Monday, June 15, 2015
Lawsuit settlement payments not deductible for income tax purposes after claiming same as a deduction for estate tax purposes.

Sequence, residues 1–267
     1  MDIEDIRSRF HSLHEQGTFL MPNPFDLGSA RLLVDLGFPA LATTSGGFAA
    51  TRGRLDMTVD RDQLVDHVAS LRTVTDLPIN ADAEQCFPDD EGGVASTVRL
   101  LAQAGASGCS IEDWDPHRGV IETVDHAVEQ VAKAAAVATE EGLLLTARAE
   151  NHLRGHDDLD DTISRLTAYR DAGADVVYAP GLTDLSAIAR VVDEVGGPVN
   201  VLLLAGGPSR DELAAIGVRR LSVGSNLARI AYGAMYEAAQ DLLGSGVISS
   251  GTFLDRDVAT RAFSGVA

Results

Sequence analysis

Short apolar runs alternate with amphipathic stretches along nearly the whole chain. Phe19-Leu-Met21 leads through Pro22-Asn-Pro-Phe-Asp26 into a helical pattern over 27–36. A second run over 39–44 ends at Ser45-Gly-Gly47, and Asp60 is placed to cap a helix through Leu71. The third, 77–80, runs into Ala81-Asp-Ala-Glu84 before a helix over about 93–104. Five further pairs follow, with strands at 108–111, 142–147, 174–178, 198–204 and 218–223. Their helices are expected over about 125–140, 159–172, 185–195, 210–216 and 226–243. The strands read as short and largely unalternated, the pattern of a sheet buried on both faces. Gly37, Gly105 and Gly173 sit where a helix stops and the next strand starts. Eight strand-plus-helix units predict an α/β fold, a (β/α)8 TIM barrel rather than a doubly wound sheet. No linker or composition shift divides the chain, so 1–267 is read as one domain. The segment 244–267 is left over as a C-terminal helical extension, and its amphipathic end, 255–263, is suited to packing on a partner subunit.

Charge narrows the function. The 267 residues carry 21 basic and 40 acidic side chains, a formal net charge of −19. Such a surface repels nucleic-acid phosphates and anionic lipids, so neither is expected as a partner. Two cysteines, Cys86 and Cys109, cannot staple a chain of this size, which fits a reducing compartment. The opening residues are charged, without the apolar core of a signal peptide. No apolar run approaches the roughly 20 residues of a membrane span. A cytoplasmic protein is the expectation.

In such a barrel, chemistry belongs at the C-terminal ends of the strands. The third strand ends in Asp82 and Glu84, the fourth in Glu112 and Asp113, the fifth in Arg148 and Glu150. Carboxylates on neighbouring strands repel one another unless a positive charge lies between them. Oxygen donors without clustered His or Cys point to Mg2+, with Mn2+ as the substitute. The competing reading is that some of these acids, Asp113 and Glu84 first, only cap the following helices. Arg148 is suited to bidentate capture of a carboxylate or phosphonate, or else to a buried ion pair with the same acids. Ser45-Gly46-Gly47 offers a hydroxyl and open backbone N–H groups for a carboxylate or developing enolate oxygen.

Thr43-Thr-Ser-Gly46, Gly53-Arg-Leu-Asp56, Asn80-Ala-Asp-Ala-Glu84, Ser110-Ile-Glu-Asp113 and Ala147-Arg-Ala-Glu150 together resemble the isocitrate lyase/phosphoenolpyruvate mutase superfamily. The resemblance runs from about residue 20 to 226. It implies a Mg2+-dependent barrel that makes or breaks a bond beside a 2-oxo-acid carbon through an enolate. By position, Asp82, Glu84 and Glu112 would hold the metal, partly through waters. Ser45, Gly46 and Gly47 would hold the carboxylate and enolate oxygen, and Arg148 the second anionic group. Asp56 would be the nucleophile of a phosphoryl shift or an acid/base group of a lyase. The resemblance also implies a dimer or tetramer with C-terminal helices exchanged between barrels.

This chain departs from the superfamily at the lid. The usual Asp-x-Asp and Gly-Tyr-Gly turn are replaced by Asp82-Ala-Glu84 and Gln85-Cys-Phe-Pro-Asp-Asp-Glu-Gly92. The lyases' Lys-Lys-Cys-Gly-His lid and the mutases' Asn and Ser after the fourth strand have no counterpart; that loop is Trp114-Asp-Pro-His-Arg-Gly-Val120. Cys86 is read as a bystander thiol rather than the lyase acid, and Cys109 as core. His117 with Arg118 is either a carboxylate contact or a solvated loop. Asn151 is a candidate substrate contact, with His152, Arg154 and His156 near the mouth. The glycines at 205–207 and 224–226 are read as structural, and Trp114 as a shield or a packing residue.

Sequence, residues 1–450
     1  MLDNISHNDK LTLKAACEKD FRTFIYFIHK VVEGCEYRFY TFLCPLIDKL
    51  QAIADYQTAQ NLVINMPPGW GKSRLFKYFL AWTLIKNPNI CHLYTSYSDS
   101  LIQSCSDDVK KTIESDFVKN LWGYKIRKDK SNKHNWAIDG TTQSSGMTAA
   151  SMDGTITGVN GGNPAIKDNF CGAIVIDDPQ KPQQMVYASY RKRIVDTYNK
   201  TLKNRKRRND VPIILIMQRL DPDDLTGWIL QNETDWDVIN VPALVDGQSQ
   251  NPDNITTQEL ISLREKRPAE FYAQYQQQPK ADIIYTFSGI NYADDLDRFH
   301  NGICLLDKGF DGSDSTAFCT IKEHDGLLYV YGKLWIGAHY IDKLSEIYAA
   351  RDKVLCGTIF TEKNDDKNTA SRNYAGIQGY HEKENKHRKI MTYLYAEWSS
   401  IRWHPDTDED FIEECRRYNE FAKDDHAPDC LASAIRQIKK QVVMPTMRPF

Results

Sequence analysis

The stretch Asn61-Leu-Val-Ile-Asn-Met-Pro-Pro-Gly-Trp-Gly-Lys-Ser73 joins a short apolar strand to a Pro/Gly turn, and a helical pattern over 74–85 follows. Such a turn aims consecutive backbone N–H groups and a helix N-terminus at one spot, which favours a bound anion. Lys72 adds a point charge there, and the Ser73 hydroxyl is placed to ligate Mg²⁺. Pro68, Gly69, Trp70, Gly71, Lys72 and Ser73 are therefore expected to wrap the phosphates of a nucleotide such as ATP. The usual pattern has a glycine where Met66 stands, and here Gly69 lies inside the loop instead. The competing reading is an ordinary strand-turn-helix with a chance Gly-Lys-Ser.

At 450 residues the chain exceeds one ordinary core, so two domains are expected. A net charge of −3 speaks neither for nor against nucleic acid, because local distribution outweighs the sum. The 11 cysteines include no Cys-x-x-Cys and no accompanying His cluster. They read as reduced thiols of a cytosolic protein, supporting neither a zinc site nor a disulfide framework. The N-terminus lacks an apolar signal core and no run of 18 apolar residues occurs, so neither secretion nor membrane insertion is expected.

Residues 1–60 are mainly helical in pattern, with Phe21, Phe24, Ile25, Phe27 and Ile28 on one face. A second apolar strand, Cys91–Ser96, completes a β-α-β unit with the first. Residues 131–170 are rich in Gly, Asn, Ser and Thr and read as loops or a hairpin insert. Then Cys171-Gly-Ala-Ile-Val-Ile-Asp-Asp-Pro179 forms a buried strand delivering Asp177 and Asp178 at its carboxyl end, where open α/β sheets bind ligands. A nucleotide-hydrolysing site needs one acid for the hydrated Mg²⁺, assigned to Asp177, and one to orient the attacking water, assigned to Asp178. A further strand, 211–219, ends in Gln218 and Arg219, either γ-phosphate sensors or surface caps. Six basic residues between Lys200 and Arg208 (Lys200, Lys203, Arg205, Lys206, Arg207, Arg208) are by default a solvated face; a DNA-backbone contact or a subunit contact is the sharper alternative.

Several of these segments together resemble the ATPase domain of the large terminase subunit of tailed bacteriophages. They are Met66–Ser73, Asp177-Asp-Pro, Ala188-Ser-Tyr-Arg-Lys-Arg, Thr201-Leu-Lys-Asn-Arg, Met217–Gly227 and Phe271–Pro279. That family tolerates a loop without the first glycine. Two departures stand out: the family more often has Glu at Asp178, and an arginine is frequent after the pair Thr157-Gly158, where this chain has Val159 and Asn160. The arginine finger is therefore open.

Lawsuit settlement payments not deductible for income tax purposes after claiming same as a deduction for estate tax purposes. In a recent decision by the Eleventh Circuit Court of Appeals, Batchelor-Robjohns v. United States, No. 14-10742, 2015 WL 3514674 (11th Cir. June 5, 2015), the Court denied an income tax deduction for an estate that already took an estate tax deduction for lawsuit settlement payments. The Estate had filed suit concerning $41 million in payments it made to settle various lawsuits against the Estate. The Estate deducted the payments from its gross estate for estate tax purposes as claims against the estate pursuant to I.R.C. §2053(a)(3). The estate and Internal Revenue Service agreed that this deduction was proper, and the estate tax liability was not at issue before the district court. However, after taking the estate tax deduction, the Estate also claimed an $8.3 million credit on its income tax return for the settlement payments. The district court rejected the Estate's claim, finding that I.R.C. §642(g) barred the Estate from claiming both an estate tax deduction under § 2053 and an income tax deduction for the same payment. The Eleventh Circuit agreed. The government maintained that the Estate cannot use the $41 million repayment to reduce both its estate and income tax obligations, and instead may only deduct the payments from either one tax or the other. The Eleventh Circuit agreed. The Estate argued on appeal, as it did in the district court, that sections 162 and 212 provide the basis for permitting the “double deduction” of the settlement payments at issue because the payments arise out of the Decedent’s business activities in selling his corporate assets, and thus are ordinary and necessary business expenses. The Eleventh Circuit disagreed. The Eleventh Circuit’s analysis focused on the I.R.C. provisions relating to overlapping estate and income tax deductions. I.R.C. §642(g), entitled “Disallowance of double deductions,” generally prevents an estate from claiming both an estate tax deduction under I.R.C. §2053 and an income tax deduction for the same payment. The statute provides: Amounts allowable under §2053 or §2054 as a deduction in computing the taxable estate of a decedent shall not be allowed as a deduction ... in computing the taxable income of the estate or of any other person, unless there is filed ... a statement that the amounts have not been allowed as deductions under §2053 or §2054 and a waiver of the right to have such amounts allowed at any time as deductions under §2053 or §2054. I.R.C. §642(g) contains an exception, however, for “income in respect of decedents.” A double deduction is permitted for “taxes, interest, business expenses, and other items accrued at the date of a decedent's death” that fall within § 2053(a)(3) as claims against the estate, as long as they are also allowable under §691(b). See 26 C.F.R. § 1.642(g)–2. Section 691(b), in turn, provides that a decedent's estate may claim both deductions if the expense falls within one of six statutes: sections 162, 163, 164, 212, 611, or 27. When there are claims that could potentially be available as a deduction for federal estate tax, federal income tax, or both, competent counsel should be consulted to determine how best to take available deductions to minimize estate and/or income tax liability.